If you asked anyone involved with search engine marketing what they feel has been the biggest SEO news to date in 2011, the Google Panda update would no doubt top most lists. It has, as usual, sparked a lot of debate and quite a few headaches along the way.

The dust hasn’t settled and it is safe to assume that Panda will be tweaked further, but we wanted to share our thoughts a few months on and summarise the key points in this year’s ‘big story’.

Why did Google introduce Panda?

We spend a lot of our time defending Google. Not because the search behemoth is flawless and we are sycophants, but because we appreciate the scale of the challenge it faces in determining what a ‘good’ site is. Google needs to serve good results to fuel usage (which then powers the Adwords revenue machine), but how can it determine what is good and what is bad?

A couple of stats to consider, and put the scale of the challenge into perspective:

  • Between 1995 and 2011 the number of registered domains has risen from 15,000 to 350,000,000
  • In 2009, there were an average of 3.7M new URLs each month
  • In 2011, this has risen to 4.5M new URLs a month

To put it simply, there is an avalanche of new sites being created every day and the vast majority of these sites are rubbish! It isn’t hard to create a website and technology makes it very easy to create a large website very quickly. The net result is a mass of very poor quality sites that you really wouldn’t want to see all over the SERPs.

Google needs to combat the floods of ‘low quality content’ sites and the Panda update is their answer to the problem.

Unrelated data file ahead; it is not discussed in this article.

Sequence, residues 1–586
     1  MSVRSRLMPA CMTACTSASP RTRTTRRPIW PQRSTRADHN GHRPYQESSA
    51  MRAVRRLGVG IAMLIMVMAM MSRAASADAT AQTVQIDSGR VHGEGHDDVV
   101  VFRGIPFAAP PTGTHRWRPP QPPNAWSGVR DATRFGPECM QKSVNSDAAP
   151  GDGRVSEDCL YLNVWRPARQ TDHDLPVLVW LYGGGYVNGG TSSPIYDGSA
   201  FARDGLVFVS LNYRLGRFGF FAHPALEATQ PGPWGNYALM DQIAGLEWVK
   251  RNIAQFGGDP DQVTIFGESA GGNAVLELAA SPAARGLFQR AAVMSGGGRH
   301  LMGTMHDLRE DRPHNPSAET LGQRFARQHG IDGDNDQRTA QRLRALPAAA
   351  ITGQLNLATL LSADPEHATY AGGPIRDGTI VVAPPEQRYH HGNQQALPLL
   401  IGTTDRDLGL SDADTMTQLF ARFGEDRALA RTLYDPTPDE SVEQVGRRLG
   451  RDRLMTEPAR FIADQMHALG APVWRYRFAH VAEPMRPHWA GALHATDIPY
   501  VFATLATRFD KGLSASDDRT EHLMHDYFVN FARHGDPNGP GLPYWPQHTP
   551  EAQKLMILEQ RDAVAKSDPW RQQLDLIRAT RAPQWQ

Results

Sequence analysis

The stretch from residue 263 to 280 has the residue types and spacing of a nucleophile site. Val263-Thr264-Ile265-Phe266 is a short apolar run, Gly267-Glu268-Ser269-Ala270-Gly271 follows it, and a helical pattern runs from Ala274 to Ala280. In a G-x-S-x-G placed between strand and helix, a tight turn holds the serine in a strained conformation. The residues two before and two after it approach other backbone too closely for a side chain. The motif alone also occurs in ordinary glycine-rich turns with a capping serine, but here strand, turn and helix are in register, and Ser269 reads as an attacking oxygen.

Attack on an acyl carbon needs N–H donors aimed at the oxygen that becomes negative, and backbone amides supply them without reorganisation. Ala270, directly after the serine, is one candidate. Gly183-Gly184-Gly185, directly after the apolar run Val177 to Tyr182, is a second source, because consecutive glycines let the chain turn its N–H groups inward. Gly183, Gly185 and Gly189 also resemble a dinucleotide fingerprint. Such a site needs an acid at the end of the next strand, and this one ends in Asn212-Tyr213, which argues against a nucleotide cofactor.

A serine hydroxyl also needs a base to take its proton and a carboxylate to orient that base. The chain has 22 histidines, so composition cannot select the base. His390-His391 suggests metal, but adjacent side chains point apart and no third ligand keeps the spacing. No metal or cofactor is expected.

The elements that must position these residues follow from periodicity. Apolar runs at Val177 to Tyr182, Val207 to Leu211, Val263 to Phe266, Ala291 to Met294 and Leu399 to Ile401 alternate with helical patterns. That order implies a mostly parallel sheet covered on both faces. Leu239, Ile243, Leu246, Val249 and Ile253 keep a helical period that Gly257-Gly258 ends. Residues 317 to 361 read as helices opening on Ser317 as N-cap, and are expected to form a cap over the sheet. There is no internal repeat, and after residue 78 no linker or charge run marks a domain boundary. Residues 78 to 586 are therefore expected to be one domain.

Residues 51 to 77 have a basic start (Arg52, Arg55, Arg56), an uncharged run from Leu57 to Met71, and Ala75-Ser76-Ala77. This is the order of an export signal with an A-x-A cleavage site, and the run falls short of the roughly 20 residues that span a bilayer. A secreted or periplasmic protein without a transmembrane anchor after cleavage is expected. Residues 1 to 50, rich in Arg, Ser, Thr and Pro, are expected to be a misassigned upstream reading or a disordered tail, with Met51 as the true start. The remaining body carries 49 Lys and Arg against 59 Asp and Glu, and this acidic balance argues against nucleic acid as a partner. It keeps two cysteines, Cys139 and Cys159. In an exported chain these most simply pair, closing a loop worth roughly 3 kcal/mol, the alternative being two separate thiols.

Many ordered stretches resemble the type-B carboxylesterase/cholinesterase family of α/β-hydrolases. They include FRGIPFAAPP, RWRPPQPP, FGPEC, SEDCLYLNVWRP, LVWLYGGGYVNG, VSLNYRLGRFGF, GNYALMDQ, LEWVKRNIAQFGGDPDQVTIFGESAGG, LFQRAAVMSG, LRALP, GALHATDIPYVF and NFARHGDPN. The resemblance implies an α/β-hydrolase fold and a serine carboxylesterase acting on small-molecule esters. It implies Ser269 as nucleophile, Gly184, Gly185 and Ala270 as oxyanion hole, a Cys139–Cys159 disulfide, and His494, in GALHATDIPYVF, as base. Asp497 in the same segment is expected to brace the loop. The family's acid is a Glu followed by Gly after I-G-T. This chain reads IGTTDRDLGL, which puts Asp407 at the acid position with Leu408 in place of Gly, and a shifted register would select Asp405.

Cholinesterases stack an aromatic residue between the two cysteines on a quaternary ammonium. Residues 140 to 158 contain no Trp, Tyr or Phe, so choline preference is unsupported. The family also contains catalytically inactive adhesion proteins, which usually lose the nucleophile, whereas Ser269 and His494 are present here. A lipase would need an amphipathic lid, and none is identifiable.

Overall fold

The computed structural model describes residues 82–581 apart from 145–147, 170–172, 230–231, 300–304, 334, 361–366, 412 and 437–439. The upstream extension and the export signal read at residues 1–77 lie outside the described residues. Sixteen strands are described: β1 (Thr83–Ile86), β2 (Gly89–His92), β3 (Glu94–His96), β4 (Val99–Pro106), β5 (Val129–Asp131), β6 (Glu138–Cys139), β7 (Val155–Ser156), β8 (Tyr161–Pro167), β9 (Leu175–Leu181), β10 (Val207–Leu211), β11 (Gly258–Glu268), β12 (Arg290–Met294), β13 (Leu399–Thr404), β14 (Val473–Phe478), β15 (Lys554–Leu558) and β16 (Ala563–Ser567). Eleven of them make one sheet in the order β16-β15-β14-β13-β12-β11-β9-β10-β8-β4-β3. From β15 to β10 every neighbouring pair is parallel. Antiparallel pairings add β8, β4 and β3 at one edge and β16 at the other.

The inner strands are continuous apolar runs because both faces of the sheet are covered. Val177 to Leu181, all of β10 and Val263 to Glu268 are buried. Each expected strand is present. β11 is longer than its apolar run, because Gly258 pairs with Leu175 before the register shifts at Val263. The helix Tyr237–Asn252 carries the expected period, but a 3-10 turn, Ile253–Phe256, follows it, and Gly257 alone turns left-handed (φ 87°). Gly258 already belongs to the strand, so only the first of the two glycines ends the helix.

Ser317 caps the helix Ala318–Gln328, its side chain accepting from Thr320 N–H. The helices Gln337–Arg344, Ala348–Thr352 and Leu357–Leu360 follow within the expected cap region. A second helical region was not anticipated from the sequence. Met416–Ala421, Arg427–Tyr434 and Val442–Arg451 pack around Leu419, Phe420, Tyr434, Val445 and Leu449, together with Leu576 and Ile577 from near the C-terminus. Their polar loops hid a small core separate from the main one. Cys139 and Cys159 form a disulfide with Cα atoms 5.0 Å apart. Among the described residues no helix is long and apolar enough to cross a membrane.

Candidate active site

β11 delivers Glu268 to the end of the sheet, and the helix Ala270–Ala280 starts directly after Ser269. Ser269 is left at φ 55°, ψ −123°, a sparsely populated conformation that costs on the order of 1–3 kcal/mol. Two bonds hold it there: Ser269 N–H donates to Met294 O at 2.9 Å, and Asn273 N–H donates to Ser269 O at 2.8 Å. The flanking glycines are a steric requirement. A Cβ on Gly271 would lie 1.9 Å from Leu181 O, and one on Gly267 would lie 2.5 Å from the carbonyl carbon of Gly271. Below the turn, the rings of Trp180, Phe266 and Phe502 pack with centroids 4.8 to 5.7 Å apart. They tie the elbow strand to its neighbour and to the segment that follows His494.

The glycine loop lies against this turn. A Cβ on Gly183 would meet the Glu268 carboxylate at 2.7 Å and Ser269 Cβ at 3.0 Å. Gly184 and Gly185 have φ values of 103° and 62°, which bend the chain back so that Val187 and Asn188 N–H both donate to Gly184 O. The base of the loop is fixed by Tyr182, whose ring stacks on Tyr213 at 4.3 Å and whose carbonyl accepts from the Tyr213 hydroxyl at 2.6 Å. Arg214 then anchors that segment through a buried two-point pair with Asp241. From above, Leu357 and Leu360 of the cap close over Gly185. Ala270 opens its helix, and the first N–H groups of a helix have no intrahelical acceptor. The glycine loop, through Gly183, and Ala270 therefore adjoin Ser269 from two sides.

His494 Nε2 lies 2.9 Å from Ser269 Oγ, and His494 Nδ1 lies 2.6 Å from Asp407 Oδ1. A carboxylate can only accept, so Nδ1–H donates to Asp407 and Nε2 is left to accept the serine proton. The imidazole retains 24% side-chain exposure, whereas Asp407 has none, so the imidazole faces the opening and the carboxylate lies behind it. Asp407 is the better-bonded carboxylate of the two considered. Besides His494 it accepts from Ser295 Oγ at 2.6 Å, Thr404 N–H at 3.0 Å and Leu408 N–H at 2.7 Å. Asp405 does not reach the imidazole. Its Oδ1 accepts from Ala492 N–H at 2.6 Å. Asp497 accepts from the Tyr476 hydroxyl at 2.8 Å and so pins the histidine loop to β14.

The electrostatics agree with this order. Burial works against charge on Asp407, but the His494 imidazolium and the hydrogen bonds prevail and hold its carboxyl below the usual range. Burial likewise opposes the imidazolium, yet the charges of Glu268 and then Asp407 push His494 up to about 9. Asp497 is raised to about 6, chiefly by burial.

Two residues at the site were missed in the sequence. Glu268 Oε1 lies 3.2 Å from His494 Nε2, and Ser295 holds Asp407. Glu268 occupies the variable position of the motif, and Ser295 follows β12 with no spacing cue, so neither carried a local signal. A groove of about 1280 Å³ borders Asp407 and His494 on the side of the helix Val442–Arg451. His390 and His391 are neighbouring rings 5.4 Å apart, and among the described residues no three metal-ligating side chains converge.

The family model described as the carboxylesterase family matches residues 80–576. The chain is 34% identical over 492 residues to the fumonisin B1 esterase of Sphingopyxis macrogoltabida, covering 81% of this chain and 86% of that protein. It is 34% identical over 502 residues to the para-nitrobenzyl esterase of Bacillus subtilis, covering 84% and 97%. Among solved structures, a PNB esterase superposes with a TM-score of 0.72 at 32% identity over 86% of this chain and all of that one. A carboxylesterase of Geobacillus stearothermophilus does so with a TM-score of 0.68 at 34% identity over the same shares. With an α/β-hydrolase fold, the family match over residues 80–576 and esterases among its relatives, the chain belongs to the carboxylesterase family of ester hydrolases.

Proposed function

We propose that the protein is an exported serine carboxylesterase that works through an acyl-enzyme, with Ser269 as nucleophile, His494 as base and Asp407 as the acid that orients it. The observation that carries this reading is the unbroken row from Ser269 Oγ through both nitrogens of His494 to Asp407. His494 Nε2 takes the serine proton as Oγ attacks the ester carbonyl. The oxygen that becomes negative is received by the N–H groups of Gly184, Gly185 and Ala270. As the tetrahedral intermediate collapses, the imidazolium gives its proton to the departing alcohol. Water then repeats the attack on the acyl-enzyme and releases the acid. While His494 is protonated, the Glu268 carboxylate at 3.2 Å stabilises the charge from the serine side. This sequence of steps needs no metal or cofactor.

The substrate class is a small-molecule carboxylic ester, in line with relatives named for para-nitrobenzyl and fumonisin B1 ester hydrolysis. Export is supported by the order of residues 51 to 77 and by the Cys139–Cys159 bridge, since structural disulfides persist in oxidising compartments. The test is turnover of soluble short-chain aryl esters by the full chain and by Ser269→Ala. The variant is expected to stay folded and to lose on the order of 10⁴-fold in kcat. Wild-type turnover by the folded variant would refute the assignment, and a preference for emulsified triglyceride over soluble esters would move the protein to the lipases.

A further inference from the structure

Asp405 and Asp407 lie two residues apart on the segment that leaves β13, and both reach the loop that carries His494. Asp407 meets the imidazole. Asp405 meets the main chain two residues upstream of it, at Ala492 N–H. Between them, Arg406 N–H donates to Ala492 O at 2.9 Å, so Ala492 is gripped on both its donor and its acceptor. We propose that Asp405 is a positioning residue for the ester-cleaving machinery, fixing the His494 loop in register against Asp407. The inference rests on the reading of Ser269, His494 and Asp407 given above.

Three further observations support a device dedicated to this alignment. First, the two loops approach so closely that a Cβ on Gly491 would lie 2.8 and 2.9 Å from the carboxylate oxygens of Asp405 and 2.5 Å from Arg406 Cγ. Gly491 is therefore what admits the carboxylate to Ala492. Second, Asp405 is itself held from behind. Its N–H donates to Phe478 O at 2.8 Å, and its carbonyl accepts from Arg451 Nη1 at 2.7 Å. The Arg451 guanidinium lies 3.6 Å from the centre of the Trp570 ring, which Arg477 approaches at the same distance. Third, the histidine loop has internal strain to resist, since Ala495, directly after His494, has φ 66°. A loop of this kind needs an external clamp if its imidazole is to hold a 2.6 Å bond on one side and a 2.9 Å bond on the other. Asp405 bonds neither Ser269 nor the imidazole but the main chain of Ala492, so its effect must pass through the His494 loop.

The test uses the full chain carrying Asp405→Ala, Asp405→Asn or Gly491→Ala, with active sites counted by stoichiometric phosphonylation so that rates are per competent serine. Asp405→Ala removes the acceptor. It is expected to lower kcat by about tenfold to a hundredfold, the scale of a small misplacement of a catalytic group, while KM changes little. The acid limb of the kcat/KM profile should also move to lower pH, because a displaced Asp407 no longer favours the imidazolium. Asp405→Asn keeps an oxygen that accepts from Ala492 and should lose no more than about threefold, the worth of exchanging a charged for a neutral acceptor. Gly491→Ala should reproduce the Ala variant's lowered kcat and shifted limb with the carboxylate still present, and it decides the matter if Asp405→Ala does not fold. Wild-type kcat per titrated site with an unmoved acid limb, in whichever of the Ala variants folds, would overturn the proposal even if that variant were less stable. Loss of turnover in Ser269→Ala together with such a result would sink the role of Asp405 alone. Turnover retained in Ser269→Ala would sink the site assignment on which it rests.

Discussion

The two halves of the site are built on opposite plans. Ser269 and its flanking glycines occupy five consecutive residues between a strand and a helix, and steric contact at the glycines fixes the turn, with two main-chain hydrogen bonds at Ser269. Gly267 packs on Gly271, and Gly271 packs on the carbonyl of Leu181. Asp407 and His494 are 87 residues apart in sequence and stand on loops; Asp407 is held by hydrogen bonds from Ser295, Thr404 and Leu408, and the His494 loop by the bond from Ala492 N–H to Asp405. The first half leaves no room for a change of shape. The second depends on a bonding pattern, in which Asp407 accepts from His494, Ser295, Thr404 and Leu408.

Interestingly, Google has acknowledged that last year’s launch of “caffeine”, designed to build an even faster and comprehensive search engine, has actually played a role in increasing the visibility of ‘shallow content’. Panda is a post-caffeine solution to (try to) ensure that the quality of search results are not jeopardised.

What actually is the Panda update?

Panda is not a change to the overall algorithm. It is, however, a ranking factor that has been added to the algorithm.

Panda is a ‘filter’ that is designed to identify what Google believes to be ‘low quality pages’. If there are too many low quality pages, the Panda filter effectively flags the site.

At the moment, the ‘Panda filter’ is not running continuously due to the computing power needed to process the analysis. It is therefore run periodically, calculating the values it needs and updating the results.

This means that if a site is flagged by the ‘Panda filter’ then improvements will not be seen until the next scores are assessed. So far, there has been 4 releases all ranging between a 4 and 7 week schedule.

What, specifically, is Panda targeting?

Google have been very open about the aims and objectives of the update and reading the pain stories that have emerged, it is pretty easy to paint a picture of Panda’s main targets.

In summary, the Panda update is designed to:

  • Reduce spam
  • Combat sites such as ‘content farms’
  • Improve scraper detection
  • Filter low quality content
  • Close vulnerabilities in its algorithm

The main factors that are being considered, and are clearly important are:

  • Low quality content
  • Excessive adverts
  • Branding
  • User signals

Who has been affected by Google Panda?

You won’t struggle to find stories of sites that have been hit (sometimes innacurate, judging by the reaction of one of the comments on our original post…), but the following types of sites have been the clear losers:

  • E-commerce sites with poor product pages
  • Thin affiliate sites
  • Sites designed to host ‘Ad-sense’ (Advertising)
  • Article sites with low quality or duplicated content